671 F.2d 152
Carl Wayne VAUGHAN, Petitioner-Appellant,
W. J. ESTELLE, Jr., Director, Texas Department of
United States Court of Appeals,
March 25, 1982.
Carl Wayne Vaughan, pro se.
Brenda K. Smith, Asst. Atty. Gen., Austin, Tex., for respondent-appellee.
Appeal from the United States District Court for the Northern District of Texas.
Before BROWN, POLITZ and WILLIAMS, Circuit Judges.
POLITZ, Circuit Judge:
Carl Wayne Vaughan appeals the dismissal of his second1 federal habeas corpus petition. The district court adopted the recommendations of the magistrate and dismissed the petition as an abuse of the writ, pursuant to the authority of Rule 9(b) of the Rules Governing Section 2254 Cases in the United States District Courts.2 Finding that the record before us does not support the conclusion of abuse, we vacate and remand for further proceedings.
Vaughan pleaded guilty in Texas state court to five counts of aggravated robbery and received concurrent sentences of 50, 50, 75, 75 and 90 years. The convictions were affirmed by the Texas Court of Criminal Appeals, and state habeas relief was denied. Vaughan's prior section 2254 petition was filed in August 1978 and denied in June 1979. The pending 2254 petition was filed in March 1981, alleging multiple errors in the sentencing phase of the trial.3 Vaughan attempts to explain his failure to raise any of these grounds in the earlier habeas application by noting that he did not have then the assistance of counsel.4
The magistrate did not hold an evidentiary hearing, sought no further explanation from Vaughan, characterized Vaughan's assertion of lack of knowledge of his legal rights as "self-serving," and recommended that the application be dismissed as an abuse of the writ. Vaughan objected to the magistrate's recommendation, and asked for a hearing to examine into the issue of abuse. The district court adopted the magistrate's recommendation, without conducting a hearing, and dismissed Vaughan's application under Rule 9(b) as a successive petition.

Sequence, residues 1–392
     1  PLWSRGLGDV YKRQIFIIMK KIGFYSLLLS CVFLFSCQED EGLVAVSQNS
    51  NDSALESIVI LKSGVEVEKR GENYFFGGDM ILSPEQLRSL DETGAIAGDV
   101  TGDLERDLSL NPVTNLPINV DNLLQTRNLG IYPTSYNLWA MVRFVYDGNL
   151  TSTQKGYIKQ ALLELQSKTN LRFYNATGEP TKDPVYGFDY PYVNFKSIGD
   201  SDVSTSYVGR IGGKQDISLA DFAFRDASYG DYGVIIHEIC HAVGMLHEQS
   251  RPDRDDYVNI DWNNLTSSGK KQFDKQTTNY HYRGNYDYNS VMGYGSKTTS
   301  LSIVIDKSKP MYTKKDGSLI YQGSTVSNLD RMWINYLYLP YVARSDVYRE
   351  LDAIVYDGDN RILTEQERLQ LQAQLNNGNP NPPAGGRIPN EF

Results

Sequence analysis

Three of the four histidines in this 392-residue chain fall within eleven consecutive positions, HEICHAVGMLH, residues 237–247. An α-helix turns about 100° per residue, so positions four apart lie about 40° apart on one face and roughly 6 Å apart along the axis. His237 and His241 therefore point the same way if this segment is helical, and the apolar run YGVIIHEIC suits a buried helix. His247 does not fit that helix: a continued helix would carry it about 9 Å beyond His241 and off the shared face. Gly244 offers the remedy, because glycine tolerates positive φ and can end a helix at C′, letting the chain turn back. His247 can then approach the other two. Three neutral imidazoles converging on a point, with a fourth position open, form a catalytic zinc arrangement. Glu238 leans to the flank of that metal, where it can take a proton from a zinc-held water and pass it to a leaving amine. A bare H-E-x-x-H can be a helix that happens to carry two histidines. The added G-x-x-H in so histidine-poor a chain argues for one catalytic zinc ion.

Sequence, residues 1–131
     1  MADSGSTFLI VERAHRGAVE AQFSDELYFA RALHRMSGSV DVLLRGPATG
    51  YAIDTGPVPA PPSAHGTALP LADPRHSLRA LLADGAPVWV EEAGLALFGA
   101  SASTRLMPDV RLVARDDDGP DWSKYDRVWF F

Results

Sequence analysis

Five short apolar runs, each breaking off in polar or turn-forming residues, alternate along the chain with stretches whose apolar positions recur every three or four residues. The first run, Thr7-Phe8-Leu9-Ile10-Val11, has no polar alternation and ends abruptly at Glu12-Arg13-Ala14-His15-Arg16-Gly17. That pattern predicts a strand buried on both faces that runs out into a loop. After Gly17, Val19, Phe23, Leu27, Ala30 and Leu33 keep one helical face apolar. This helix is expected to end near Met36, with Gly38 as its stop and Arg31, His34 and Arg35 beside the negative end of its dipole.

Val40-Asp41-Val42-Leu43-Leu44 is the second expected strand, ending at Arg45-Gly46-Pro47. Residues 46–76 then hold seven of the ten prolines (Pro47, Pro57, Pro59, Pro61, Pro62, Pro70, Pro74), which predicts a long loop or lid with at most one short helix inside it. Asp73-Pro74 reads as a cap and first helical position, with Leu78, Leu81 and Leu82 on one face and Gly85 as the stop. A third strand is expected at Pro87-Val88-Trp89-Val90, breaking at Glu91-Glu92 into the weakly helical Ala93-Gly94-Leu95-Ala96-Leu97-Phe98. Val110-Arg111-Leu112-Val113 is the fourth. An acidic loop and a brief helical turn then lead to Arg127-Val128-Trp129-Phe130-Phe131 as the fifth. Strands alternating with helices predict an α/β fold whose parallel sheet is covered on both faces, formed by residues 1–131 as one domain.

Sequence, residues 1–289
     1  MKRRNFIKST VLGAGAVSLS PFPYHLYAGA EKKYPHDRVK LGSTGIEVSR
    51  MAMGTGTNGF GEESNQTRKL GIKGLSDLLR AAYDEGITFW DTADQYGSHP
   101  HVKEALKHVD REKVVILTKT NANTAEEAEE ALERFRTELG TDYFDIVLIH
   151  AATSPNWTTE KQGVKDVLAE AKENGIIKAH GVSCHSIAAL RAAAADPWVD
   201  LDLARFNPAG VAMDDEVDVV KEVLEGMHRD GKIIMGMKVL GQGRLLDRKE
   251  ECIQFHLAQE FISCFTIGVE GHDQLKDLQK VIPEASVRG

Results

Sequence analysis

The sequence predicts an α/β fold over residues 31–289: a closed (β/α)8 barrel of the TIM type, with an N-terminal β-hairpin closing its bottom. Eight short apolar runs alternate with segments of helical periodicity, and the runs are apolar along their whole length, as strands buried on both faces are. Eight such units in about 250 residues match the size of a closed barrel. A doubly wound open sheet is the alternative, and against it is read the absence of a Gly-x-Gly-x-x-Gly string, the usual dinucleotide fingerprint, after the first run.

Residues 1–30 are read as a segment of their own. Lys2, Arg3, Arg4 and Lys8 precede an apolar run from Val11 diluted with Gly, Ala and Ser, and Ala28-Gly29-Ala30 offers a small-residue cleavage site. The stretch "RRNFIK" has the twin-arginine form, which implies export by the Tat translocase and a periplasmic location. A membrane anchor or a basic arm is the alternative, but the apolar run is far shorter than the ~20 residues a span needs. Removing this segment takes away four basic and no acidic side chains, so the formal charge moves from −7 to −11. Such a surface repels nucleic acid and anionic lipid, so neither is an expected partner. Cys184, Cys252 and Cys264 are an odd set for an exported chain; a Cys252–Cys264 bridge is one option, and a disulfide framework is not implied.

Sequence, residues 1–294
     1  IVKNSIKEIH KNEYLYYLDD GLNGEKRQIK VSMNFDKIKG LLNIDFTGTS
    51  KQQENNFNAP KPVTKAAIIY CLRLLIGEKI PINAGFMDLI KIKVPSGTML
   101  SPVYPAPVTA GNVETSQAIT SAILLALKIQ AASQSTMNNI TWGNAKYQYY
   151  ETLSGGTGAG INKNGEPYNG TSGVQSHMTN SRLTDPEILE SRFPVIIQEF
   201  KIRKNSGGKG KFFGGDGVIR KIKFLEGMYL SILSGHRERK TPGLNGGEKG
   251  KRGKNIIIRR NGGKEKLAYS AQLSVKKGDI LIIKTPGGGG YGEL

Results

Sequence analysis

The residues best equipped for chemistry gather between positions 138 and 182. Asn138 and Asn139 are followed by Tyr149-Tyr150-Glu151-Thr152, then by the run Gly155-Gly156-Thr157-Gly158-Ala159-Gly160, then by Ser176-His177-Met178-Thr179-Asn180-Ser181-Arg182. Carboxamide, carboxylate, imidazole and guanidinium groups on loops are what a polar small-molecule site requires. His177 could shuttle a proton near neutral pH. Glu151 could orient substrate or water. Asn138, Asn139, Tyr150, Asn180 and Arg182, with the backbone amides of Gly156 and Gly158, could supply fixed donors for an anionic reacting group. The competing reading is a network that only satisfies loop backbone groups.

"Rule 9(b) codifies the seminal case of Sanders v. United States, 373 U.S. 1, 83 S.Ct. 1068, 10 L.Ed.2d 148 (1963), with its guidelines concerning abuse of the writ." Potts v. Zant, 638 F.2d 727, 739 (5th Cir. 1981) (citations omitted). See Haley v. Estelle, 632 F.2d 1273 (5th Cir. 1980). But, in this circuit, the " 'abuse of the Writ' doctrine is of rare and extraordinary application." Paprskar v. Estelle, 612 F.2d 1003, 1007 (5th Cir.), cert. denied, 449 U.S. 885, 101 S.Ct. 239, 66 L.Ed.2d 111 (1980) (citation omitted). See Hardwick v. Doolittle, 558 F.2d 292 (5th Cir. 1977), cert. denied, 434 U.S. 1049, 98 S.Ct. 897, 54 L.Ed.2d 801 (1978); Simpson v. Wainwright, 488 F.2d 494 (5th Cir. 1973). The doctrine is applied narrowly because, under this rubric, full consideration of the merits of a new petition is not necessary if the filing is found to be abusive. Our reluctance to invoke the rule, save in rare and extraordinary instances, was dramatized in Haley v. Estelle in which we noted that "The principle behind Rule 9(b) is to dismiss those petitions that constitute 'needless piecemeal litigation' or whose 'purpose is to vex, harass, or delay.' " 632 F.2d at 1275 (quoting Sanders v. United States, 373 U.S. at 18, 83 S.Ct. at 1078).